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Consumer Alerts
Supreme Court Hearing First Case about Genetically Engineered Crops PDF Print E-mail
The U.S. Supreme Court has decided for the first-time to hear a case about the risks of genetically engineered crops. Named Monsanto v. Geertson Seed Farms, No. 09-475, the case before the high court will be yet another step in an ongoing battle waged by the Center for Food Safety to protect consumers and the environment from potentially harmful effects of genetically engineered (GE) crops.

The Center for Food Safety filed the lawsuit in 2006 on behalf of a coalition of farmers and organizations objecting to the Department of Agriculture’s illegal approval of genetically modified alfalfa seeds. GM alfalfa is a major concern to organic farmers and dairies. It’s a key source of dairy forage, and because it is open-pollinated by bees it can cross-pollinate with fields several miles away, making the potential for GMO contamination very high. Monsanto has appealed the Federal District Court decision that required USDA to undertake an Environmental Impact Study assessing how the crop might affect the environment and farmers.

“This is truly a ‘David versus Goliath’ struggle, between public interest non-profits and a corporation bent on nothing less than domination of our food system,” said Andrew Kimbrell, executive director of the Center for Food Safety. “That Monsanto has pushed this case all the way to the Supreme Court, even though USDA’s court-ordered analysis is now complete, and the U.S. government actively opposed further litigation in this matter, underscores the great lengths that Monsanto will go to further its mission of patent control of our food system and selling more pesticides.”

 
Tell USDA That You Care About GE Contamination of Organic Food! PDF Print E-mail

You have 1 More Day!!!! Get Involved.

In 2006, the Center for Food Safety (CFS) sued the Department of Agriculture (USDA) for its illegal approval of Monsanto’s genetically engineered (GE) Roundup Ready alfalfa. The federal courts sided with CFS and banned GE alfalfa until the USDA fully analyzed the impacts of the plant on the environment, farmers, and the public in a rigorous analysis known as an environmental impact statement (or EIS). USDA released its draft EIS on December 14, 2009. A 60-day comment period is now open until February 16, 2010. This is the first time the USDA has done this type of analysis for any GE crop. Therefore, the final decision will have broad implications for all GE crops.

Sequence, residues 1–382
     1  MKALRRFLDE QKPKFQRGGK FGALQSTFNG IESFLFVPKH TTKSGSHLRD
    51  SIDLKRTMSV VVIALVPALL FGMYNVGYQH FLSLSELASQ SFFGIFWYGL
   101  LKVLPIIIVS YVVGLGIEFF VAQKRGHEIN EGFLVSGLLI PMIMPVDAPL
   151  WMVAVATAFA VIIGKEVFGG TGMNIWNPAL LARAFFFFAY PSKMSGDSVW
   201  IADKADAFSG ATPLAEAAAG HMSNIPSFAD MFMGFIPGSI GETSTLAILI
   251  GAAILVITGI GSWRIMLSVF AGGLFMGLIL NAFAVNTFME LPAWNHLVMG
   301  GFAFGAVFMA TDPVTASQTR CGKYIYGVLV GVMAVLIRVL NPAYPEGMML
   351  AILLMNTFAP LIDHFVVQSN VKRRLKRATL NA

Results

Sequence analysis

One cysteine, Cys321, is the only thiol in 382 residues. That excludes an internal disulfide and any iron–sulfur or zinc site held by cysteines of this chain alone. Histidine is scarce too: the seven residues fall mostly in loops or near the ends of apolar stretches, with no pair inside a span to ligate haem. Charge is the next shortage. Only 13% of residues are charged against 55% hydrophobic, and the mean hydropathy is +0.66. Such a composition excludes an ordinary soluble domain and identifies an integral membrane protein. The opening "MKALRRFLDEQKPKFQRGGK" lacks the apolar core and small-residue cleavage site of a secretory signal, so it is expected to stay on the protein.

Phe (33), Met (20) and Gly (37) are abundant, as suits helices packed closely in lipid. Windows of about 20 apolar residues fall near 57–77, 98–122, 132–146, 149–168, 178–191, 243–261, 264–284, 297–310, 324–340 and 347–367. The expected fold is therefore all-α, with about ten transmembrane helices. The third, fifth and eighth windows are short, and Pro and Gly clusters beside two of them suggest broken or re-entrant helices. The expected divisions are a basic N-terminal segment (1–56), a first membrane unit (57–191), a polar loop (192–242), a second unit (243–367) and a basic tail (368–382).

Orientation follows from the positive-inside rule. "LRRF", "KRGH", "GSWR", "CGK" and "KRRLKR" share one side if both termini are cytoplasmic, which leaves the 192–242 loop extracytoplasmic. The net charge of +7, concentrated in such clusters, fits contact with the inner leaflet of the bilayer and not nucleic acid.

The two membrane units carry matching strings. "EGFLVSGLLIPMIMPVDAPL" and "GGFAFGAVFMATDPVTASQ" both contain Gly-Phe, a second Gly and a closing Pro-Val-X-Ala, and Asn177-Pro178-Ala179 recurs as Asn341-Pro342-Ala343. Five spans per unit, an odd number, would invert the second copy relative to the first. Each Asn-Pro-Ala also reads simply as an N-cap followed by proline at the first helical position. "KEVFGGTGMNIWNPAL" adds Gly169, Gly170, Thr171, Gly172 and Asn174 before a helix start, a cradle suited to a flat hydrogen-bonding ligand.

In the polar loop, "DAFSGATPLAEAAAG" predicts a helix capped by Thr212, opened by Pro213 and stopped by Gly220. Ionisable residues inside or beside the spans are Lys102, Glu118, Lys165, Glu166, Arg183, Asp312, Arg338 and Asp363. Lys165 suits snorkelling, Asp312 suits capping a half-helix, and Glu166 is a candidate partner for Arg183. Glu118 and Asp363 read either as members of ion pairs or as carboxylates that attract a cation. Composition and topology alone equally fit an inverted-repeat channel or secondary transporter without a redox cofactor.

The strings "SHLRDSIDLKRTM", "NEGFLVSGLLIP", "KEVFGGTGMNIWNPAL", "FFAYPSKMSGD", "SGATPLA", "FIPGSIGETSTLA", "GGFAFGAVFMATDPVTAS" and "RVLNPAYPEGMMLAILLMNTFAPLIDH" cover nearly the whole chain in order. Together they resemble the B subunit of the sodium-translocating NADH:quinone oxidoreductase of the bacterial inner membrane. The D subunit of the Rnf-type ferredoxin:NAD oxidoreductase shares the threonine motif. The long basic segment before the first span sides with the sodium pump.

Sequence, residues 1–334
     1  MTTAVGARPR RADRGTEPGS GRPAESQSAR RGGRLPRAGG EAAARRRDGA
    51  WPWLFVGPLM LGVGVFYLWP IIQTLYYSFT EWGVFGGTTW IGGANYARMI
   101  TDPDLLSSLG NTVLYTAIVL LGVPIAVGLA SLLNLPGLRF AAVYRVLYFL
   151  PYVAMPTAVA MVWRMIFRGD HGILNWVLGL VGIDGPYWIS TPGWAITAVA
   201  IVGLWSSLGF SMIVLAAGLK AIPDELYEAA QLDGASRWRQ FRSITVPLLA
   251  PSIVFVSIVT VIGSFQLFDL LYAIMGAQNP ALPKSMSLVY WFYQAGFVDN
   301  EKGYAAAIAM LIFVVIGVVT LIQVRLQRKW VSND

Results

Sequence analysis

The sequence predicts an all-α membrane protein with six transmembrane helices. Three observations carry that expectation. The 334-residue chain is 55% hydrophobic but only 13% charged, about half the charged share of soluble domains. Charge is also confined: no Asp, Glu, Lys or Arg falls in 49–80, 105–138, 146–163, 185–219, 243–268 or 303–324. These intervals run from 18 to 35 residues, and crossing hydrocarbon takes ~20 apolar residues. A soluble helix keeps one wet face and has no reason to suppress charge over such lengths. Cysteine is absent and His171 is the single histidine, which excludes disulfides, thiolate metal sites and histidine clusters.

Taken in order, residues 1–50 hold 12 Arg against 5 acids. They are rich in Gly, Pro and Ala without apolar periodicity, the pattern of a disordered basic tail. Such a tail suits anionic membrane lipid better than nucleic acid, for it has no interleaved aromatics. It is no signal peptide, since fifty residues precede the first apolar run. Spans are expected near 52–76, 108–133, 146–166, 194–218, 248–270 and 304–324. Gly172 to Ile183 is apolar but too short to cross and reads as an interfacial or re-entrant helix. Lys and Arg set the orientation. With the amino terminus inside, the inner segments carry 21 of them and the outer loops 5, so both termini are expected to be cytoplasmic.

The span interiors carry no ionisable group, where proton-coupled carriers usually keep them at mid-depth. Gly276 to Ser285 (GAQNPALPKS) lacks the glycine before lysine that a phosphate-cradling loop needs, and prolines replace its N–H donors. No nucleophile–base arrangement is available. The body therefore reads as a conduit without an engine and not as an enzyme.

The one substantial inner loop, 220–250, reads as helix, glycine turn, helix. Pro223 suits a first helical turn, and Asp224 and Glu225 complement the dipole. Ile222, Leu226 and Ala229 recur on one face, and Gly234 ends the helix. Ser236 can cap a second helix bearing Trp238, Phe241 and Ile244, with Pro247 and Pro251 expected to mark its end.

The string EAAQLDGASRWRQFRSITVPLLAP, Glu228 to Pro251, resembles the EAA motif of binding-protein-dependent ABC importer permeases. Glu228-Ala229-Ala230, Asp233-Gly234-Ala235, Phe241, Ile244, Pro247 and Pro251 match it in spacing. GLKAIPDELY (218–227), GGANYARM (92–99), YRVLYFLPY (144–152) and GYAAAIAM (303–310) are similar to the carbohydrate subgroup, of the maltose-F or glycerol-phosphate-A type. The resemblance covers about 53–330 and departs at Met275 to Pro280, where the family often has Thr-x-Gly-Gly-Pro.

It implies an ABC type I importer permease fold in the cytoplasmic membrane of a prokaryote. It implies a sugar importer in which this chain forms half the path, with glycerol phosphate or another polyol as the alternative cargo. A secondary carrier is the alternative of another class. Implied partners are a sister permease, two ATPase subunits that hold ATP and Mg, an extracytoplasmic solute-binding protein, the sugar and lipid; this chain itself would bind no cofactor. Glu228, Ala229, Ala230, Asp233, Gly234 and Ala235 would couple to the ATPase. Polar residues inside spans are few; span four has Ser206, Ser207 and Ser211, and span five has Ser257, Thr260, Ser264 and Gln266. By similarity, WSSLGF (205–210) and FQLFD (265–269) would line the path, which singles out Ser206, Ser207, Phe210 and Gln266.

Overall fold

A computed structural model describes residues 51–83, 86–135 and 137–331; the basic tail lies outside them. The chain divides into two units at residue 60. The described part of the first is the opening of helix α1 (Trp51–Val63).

CFS has begun analyzing the EIS and it is clear that the USDA has not taken the concerns of non-GE alfalfa farmers, organic dairies, or consumers seriously. USDA’s preliminary determination is to once again deregulate GE alfalfa without any limitations or protections for farmers or the environment. Instead USDA has completely dismissed the fact that contamination will threaten export and domestic markets and organic meat and dairy products. And, incredibly, USDA is claiming that there is no evidence that consumers care about such GE contamination of organic!

Please find CFS's full Action Alert here.

A sample letter is included on the Center for Food Safety website, but handwritten letters in your own words have the most impact. Send them to:

Docket No. APHIS-2007-0044
Regulatory Analysis and Development, PPD, APHIS, Station 3A-03.8
4700 River Road Unit 118
Riverdale, MD 20737-1238

Comments period has been extended to March, 3, 2010

 
Keep methyl iodide out of California PDF Print E-mail

The Pesticide Action Network reports that for the first time in many years, California's Department of Pesticide Regulation is considering adding a new fumigant to its list of pesticides approved for agricultural use. Methyl iodide has been approved nationally, rejected by New York, and is now up for review in California. Methyl iodide is a known carcinogen and “one of the more toxic chemicals used in manufacturing," according to a letter sent to the EPA and signed by 50 scientists.


As the largest market for this new chemical, California's choice will send a clear signal to methyl iodide's manufacturer, and the EPA has indicated that California's decision will have an impact on national use. Take action and sign up to receive email alerts at www.panna.org.

 
Backyard Chickens are Finally Legal in Sacramento! PDF Print E-mail

Starting November 1, raising up to three hens in your backyard will be legal in the City of Sacramento. Many Sacramento residents have been fighting for the right to raise egg-laying hens for over two years; the City Council passed an ordinance in August that will, at long last, allow it. Read more here

If you are thinking about joining the backyard chicken craze, check out these local resources:

Western Feed & Pet Supply
Their Sacramento location is just around the corner from the Co-op at 1600 34th Street. They sell chicks in the early spring, and feed, feeders, supplements, books and nesting boxes all year.

Creative Coops
This Grass Valley business sells modular chicken coops, including some on wheels, for different sized flocks. The coops are designed to be adaptable and grow along with your chicken raising enthusiasm.

Classes
The Co-op and Soil Born Farms offer classes on keeping chickens several times a year. Look for another round of classes on the topic in the new year.

 
Think outside the bottle PDF Print E-mail
Bottled water is changing the way people think about water—from a human right to a high-priced commodity. Bottled water is expensive compared to what flows from the faucet, even though it is often no safer than tap water simply sold back to consumers at an inflated rate.  Plastic bottles also require massive amounts of fossil fuels to manufacture and transport. Visit www.thinkoutsidethebottle.org and consider taking the Think Outside the Bottle Pledge.
 
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